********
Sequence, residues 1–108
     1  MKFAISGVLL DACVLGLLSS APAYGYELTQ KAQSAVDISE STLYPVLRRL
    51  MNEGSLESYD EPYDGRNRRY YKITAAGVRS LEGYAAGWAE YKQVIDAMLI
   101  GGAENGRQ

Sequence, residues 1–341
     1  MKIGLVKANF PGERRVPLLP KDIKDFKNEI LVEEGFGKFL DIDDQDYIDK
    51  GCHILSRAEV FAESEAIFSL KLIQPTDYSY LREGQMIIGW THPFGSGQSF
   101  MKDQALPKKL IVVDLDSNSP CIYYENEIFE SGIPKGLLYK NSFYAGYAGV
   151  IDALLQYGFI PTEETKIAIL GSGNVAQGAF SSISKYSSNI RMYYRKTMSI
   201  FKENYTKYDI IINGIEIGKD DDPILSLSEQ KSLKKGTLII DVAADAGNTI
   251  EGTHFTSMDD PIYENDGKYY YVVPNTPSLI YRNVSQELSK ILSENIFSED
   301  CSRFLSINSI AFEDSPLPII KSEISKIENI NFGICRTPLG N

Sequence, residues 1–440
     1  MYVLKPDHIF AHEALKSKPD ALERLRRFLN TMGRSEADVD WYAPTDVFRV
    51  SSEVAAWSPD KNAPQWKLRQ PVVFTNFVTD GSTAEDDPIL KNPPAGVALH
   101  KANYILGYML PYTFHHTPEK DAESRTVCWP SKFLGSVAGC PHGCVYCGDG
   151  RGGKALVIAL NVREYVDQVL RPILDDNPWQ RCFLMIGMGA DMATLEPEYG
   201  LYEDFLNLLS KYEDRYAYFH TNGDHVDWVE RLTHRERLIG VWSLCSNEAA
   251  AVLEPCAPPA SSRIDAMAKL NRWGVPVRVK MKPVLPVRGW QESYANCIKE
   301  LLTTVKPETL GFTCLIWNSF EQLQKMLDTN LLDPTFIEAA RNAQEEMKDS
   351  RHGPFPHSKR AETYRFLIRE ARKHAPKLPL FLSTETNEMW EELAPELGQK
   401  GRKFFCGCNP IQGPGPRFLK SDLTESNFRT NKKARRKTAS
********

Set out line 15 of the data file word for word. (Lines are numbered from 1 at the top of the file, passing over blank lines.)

    51  SSEVAAWSPD KNAPQWKLRQ PVVFTNFVTD GSTAEDDPIL KNPPAGVALH